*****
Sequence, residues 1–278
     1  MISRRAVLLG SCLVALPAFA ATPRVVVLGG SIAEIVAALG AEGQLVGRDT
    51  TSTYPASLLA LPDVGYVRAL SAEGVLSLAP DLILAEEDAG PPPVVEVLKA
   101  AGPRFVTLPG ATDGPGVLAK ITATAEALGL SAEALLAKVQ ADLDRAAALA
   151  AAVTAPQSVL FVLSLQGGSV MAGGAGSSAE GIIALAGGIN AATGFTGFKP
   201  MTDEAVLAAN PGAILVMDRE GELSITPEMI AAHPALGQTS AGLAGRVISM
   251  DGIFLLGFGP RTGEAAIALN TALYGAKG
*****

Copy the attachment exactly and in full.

Sequence, residues 1–278
     1  MISRRAVLLG SCLVALPAFA ATPRVVVLGG SIAEIVAALG AEGQLVGRDT
    51  TSTYPASLLA LPDVGYVRAL SAEGVLSLAP DLILAEEDAG PPPVVEVLKA
   101  AGPRFVTLPG ATDGPGVLAK ITATAEALGL SAEALLAKVQ ADLDRAAALA
   151  AAVTAPQSVL FVLSLQGGSV MAGGAGSSAE GIIALAGGIN AATGFTGFKP
   201  MTDEAVLAAN PGAILVMDRE GELSITPEMI AAHPALGQTS AGLAGRVISM
   251  DGIFLLGFGP RTGEAAIALN TALYGAKG